It’s Shark Week, the time of year when everyone’s thoughts go out to the most terrifying creatures of the ocean – the bane of surfers, swimmers, frantic beachgoers (and smaller sea life) everywhere: the blood-sniffing, bone-crunching hunters of the deep.
If you think sharks are scary, you haven’t seen anything yet. Rather, the correct term in this case would be “heard”, since today we’re talking about Robin Arnott’s infamously terrifying sound-only game, Deep Sea. In the game (which was featured at the Indiecade booth at E3 2011), players don a World War 1 era gas mask that essentially acts as a sensory deprivation chamber, and plunge into the intensely scary sound-only world of the game.
You are a lone diver, armed with missiles to defend yourself against invisible sea creatures – that are attracted to the real-life sound of your breathing. Hold your breath, listen hard, and try not to scare yourself into a literal blackout – and you might “win”.
We were able to catch up with Arnott and chat about how he created his terrifying creatures, their cinematic inspiration, and his take on why we find horrifying sea monsters so fascinating.
Deep Sea is definitely the scariest game I've ever played, since it so accurately captures the feeling of being hunted. How did you create the terrifying creatures (using only sound) that are scarier than anything a traditional horror game can throw at players? What was your inspiration for making them?
As long as it's shark week, let's talk about JAWS. On production, the robo-shark broke, so they were forced to shoot most of the scenes with the famous shark... without the famous shark. And now we have a whole generation afraid to go in the water! There's a lesson there that has stuck with the horror genre in film ever since - that imagination will trump production every time. That's the inspiration.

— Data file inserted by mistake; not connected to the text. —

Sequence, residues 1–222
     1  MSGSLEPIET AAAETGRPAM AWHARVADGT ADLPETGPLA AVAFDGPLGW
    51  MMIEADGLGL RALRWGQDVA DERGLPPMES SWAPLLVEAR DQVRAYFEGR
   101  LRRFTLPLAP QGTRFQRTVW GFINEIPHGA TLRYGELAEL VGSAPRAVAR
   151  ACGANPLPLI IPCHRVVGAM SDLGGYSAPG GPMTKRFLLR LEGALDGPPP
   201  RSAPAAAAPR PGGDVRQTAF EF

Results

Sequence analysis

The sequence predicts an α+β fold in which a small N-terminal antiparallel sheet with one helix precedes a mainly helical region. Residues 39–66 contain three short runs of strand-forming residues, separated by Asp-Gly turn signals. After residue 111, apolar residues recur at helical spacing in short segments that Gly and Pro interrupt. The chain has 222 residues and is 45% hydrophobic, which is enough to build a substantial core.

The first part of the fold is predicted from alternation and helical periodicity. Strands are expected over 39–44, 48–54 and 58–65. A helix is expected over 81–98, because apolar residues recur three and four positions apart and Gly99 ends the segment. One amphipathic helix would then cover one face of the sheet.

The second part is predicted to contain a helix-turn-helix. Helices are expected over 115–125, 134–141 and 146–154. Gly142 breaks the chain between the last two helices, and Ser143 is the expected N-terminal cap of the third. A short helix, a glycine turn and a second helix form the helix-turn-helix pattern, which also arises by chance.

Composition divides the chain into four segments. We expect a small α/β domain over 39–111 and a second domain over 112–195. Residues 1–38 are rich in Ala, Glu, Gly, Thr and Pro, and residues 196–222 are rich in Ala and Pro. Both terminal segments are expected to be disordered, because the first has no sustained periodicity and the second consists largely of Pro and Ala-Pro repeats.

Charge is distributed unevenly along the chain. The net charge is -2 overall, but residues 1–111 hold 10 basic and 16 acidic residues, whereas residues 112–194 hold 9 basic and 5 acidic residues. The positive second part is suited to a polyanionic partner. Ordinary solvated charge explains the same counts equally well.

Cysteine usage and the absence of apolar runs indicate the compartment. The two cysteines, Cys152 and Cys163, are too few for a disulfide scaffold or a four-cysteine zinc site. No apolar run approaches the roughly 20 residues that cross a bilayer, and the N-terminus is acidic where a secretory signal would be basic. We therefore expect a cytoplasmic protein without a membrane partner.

Can you dip into a few tricks of your trade? What sounds actually went into making the "creatures" sound so terrifying?
This was a huge design challenge in the game. Sound carries much more energy through water than air, it just plain sounds different, and while I could have used the Hollywood trick of EQing out the high-end and adding some reverb to air-based sounds, but that wasn't the game I wanted to make. Almost all of the sounds were recorded by a contact microphone - usually taped to my neck while I either vocalized or stuck a flexible tube down my throat, which carried an amplified sound.
To give it a little extra space, I'd take that sound, and pump it through 7 feet of PVC pipe.
What is it about the ocean and undersea creatures that we find so fascinating and scary? Is there an inherent sense of danger about that world?
I think there is. We're land mammals - we're not exactly fit for an underwater environment. It's not a safe place for us, and I think over the evolution of our species our bodies have internalized a fear and respect for the ocean.
On another level, we've come a really, really long way in the last 5000 years: our collective human knowledge now extends to a trillionth of a trillionth of a trillionth of a second after the big bang. That's frickin' ridiculous! But you can't point telescopes into the ocean to learn her secrets, you have to actually go there. There are untold secrets in our deepest oceans that titillate our imaginations and baffle all logic. I think, culturally, the confidence we have in our mastery of the universe doesn't extend down there.
Danielle Riendeau is a freelance writer, digital media professor, and nonprofit communications ninja in San Francisco.